Students are likely to experience tuition and fee increases over the course of five upcoming semesters, beginning next spring.
Robert Gratz, special assistant to the president, said initial proposals of any potential tuition and fee raises are due to the Texas State University System office by April 2. The Board of Regents will hear plans from the eight member institutions including Sam Houston State University at the May 24 and 25 meeting on the Lamar University campus.
Gratz said university officials have made progress in reducing the number of fees to be increased in the coming semesters. He said the president’s cabinet members should have a more specific idea of the exact growth of tuition and fees to the dollar amount at the March 30 cabinet meeting.
Bill Nance, vice president for Finance and Support Services, said the regents are having the system universities present tuition and fee increase proposals for spring, summer and fall of 2013, as well as spring and summer of 2014, at the May meeting.
Nance said the bus, library and computer service fees have not had funding growth in several years and could receive additional money from proposed increases. The student center, the recreation center and medical fees are not expected to see cost raises.
Provost Eugene Bourgeois said any potential fee increases will be coupled with designated tuition cost raises. He said any proposed tuition and fee growth is expected to be “very modest.”
Nance said the former protocol for formulating tuition and fee increases involved presenting a plan to the Board of Regents in November for a proposed raise the next fall semester. He said the universities were “caught a little off guard” because the regents have never asked for such detailed tuition and fee proposals two years in advance.
Nance said some regents of other system institutions, including the University of Texas – Austin, have switched over to approving tuition and fee proposals two years ahead. He said surrounding system decisions may have factored in, but he is not exactly sure why the TSUS regents switched from the former tuition and fee increase protocol.
“The legislature will meet in the spring of 2013,” Nance said. “If they cut us again, like the $17 million they cut out of our budget the last time, you’re stuck. We will have already established tuition and fee rates and have no opportunity to make up for that cut. That’s a little disconcerting.”
Bourgeois said the university must hold a public hearing before the May Board of Regents meeting to discuss the potential tuition and fee increases with students, faculty and staff. He said Nance will help lead the discussion along with Joanne Smith, vice president of Student Affairs, and Associated Student Government leaders.
“For example, if the cabinet is thinking that some of that tuition and fee increase will hopefully go toward merit raises for faculty and staff, Mr. Nance will be able to state that. And I would be able to back that up,” Bourgeois said. “I would also answer questions into proposed uses for the designated tuition and fees.”
Nance said the 2009 legislative session resulted in the Texas House of Representatives passing a resolution which asked universities to limit tuition and fee increases to 3.95 percent. He said the Texas Senate did not pass the resolution to make it a law, but many people regard it as an “expression of legislative will.”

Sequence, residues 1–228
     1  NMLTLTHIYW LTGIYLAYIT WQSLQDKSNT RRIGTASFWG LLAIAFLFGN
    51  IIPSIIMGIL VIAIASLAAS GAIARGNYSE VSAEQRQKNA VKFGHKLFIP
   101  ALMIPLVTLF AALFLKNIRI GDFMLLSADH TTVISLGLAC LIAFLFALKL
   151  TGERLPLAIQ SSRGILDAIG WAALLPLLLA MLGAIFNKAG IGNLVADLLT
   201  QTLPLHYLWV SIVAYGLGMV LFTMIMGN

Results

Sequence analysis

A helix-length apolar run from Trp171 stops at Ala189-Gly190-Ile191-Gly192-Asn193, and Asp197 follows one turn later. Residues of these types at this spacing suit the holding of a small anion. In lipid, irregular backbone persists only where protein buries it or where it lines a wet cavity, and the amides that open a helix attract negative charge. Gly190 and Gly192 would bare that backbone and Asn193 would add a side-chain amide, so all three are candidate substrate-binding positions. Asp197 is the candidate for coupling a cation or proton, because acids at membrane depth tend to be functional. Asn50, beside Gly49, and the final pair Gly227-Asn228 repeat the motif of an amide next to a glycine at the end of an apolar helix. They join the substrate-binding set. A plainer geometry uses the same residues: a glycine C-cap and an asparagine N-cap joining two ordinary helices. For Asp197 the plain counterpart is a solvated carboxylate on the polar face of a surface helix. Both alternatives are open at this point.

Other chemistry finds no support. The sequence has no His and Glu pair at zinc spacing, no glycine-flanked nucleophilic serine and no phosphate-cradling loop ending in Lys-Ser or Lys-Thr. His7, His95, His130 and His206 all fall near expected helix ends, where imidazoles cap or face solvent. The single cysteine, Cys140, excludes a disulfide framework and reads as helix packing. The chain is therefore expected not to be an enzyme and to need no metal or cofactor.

“The Board of Regents is the final authority on the tuition and fee plans,” Nance said. “It’s making our job difficult to fit everything we need into that cap and it certainly can be done.”
Bourgeois said freshmen population growth next semester is expected to be 3 to 4 percent with a maximum increase of 5 percent equaling approximately 4,700 new students. He said the increase of students and new proposals recently offered by deans in strategic planning presentations will contribute to the areas funded by tuition and fees.
Bourgeois said items such as enhancing graduate programs, adding new doctoral degrees and increasing distance education online classes requires the hiring of new faculty positions. He said fees go toward the specific areas each support, such as the library or buses. The tuition funds can be used to support merit raises for faculty and staff and the hiring of new positions.
“(The growth of the university) does produce additional revenue, but there are costs including buildings to provide teaching, labs and faculty office space for educational activity,” Nance said. “No one relishes raising tuition and fees, but it’s a necessary evil in today’s climate.”
read more: http://star.txstate.edu/node/5542
- Board of Regents to vote on proposed tuition increase at next meeting (timesoftexas.com)
- Texas Tech University Board of Regents Approve Tuition Hike (timesoftexas.com)
- Texas A&M president proposes tuition hike (timesoftexas.com)
- Tuition discussions stay closed to committee members despite requests to open them (timesoftexas.com)
- WT mulls tuition hike – “Across the country, it’s gotten tough to pay for college.” (timesoftexas.com)
- The partial budget picture – Viewpoint (timesoftexas.com)
- Young Conservatives press UT-Austin for open tuition meetings (timesoftexas.com)
- Students push for voting power in higher education (timesoftexas.com)